241035 Traditional Birth Attendants can be trained to maximize breast feeding and decrease prelacteal feeding in Ethiopia's Amhara region

Sunday, October 30, 2011

Nikki L. Rogers, PhD , Department of Community Health, Substance Abuse Resources & Disability Issues (SARDI) Program, Wright State University, Boonshoft School of Medicine, Dayton, OH
Andrew J. Carlson, PhD , Department of Political Science, Capital University, Columbus, OH
Amsalu Feleke, MPH , College of Medicine and Health Sciences, University of Gondar, Gondar, Ethiopia
The World Health Organization recommends that newborns begin breastfeeding within the first hour after birth. The Ethiopia Demographic and Health Survey (EDHS, 2005) indicates that in the northern region of Amhara, this milestone is met in only an estimated 63% of all cases. Interview of mothers and health workers in this region found that colostrum is widely thought to cause abdominal pain or other harm to the infant and may be partially discarded at the start of breastfeeding. Additional public health concerns are the separation of mother and baby during delivery of the placenta and in the hours immediately following birth and widespread (63%) traditional practice of prelacteal feeding of unpasteurized butter, cow's milk or yeast and water. Our experience with Amhara communities suggests that women have a great desire for education about infant/child care and nutrition. An estimated 94% of all births in Ethiopia take place at home, and approximately one third of births (30%) in Amhara are attended by a Traditional Birth Attendant (TBA) (EDHS, 2005). With health access in Ethiopia limited by the strain of population growth coupled with “brain drain” of qualified health personnel, a practical solution to improving breastfeeding initiation and postnatal infant nutrition might be training TBAs to implement WHO recommendations through birth methods that include early skin-to-skin contact and protection of the mother-baby dyad in the hours immediately after birth. The emerging use of mobile telephones and reports of regular consultation among TBAs would facilitate educational and follow-up efforts.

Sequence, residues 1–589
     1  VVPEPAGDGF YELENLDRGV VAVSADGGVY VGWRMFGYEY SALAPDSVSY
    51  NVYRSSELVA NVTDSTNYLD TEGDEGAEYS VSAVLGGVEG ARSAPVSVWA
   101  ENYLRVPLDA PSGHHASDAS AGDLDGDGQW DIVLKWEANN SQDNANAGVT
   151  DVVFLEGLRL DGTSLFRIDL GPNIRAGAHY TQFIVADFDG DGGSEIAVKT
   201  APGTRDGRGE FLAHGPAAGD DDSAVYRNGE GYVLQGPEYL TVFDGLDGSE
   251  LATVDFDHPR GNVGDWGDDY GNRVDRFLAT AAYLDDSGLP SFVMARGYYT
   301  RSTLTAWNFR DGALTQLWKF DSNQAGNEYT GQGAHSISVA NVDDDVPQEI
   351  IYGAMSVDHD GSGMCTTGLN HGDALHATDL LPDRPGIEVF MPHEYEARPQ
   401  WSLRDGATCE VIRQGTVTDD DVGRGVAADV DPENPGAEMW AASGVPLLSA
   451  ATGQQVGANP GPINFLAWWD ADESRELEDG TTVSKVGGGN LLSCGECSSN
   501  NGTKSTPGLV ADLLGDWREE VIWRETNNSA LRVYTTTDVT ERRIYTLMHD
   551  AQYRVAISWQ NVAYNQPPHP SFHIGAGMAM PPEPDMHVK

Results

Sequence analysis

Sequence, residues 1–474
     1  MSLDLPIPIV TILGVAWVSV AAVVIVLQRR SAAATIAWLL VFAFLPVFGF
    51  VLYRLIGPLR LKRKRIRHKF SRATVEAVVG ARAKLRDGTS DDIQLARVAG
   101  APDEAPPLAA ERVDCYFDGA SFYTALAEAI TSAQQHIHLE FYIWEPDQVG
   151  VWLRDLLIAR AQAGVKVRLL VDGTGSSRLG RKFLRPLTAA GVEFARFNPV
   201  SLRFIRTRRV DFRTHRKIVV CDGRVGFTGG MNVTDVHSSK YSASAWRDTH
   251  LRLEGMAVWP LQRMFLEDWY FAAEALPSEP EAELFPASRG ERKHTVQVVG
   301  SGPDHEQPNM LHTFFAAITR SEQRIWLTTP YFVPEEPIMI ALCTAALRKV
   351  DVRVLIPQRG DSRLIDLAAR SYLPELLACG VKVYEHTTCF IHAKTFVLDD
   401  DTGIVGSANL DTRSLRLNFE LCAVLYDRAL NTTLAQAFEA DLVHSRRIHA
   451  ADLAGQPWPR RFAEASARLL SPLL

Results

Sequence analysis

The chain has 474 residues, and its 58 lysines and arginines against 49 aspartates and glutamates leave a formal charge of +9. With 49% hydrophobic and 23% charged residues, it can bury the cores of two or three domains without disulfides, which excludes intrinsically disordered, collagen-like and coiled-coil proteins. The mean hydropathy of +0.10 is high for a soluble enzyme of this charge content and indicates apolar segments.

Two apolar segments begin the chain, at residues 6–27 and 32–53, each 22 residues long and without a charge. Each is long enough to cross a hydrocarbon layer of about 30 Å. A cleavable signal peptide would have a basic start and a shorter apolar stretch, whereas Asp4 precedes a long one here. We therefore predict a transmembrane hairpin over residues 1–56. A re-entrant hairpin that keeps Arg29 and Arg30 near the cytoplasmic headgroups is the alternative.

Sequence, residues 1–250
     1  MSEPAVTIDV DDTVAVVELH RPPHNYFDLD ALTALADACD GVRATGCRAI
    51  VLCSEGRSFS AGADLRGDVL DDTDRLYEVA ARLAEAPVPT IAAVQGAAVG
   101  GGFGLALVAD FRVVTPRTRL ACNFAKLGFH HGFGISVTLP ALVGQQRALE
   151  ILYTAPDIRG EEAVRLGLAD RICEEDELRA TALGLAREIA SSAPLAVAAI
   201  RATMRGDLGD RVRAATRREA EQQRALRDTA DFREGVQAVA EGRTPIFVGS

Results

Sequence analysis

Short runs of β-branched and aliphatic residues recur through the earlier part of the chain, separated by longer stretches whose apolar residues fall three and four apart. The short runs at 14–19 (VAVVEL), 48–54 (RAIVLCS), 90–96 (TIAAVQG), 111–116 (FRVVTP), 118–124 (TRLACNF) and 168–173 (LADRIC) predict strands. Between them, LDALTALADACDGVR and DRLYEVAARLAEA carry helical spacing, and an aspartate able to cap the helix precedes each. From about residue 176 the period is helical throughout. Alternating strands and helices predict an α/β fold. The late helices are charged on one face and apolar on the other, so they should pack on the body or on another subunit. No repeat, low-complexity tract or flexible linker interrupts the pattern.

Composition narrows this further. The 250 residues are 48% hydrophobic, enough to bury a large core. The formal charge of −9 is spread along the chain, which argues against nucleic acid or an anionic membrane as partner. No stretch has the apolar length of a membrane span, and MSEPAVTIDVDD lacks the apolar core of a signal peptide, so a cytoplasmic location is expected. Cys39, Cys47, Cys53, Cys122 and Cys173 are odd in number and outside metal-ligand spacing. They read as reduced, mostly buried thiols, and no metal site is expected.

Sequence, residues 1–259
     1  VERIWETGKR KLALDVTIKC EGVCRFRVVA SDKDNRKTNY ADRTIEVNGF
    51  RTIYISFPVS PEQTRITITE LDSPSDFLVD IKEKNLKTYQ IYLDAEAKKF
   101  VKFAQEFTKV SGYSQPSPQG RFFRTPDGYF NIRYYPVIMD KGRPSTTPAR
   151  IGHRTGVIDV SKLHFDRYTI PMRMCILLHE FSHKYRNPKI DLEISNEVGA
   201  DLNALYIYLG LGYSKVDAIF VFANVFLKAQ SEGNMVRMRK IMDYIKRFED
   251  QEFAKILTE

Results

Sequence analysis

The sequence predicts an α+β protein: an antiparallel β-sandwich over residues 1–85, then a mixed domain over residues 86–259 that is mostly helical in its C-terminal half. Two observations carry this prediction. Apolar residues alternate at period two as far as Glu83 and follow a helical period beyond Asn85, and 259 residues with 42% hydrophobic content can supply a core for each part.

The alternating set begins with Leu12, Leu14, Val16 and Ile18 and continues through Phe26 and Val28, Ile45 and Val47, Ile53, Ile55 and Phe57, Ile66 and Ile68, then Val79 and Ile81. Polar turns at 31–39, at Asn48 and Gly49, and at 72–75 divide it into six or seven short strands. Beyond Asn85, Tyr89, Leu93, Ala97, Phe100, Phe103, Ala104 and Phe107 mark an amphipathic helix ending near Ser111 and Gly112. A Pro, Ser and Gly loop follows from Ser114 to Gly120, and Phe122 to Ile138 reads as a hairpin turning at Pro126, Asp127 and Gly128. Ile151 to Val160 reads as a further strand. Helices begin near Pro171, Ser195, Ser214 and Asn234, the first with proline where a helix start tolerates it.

Learning Areas:
Planning of health education strategies, interventions, and programs
Provision of health care to the public

Learning Objectives:
1. Learners will be able to explain deficits in breastfeeding behavior in the Amhara region relative to WHO recommendations. 2. Learners will be able to list reasons why the authors propose training of traditional birth attendants in early skin-to-skin contact and WHO breastfeeding recommendations.

Keywords: Rural Health Care Delivery System, Breastfeeding

Presenting author's disclosure statement:

Qualified on the content I am responsible for because: I have conducted primary field research and have peer-reviewed research in press in this area.
Any relevant financial relationships? No

I agree to comply with the American Public Health Association Conflict of Interest and Commercial Support Guidelines, and to disclose to the participants any off-label or experimental uses of a commercial product or service discussed in my presentation.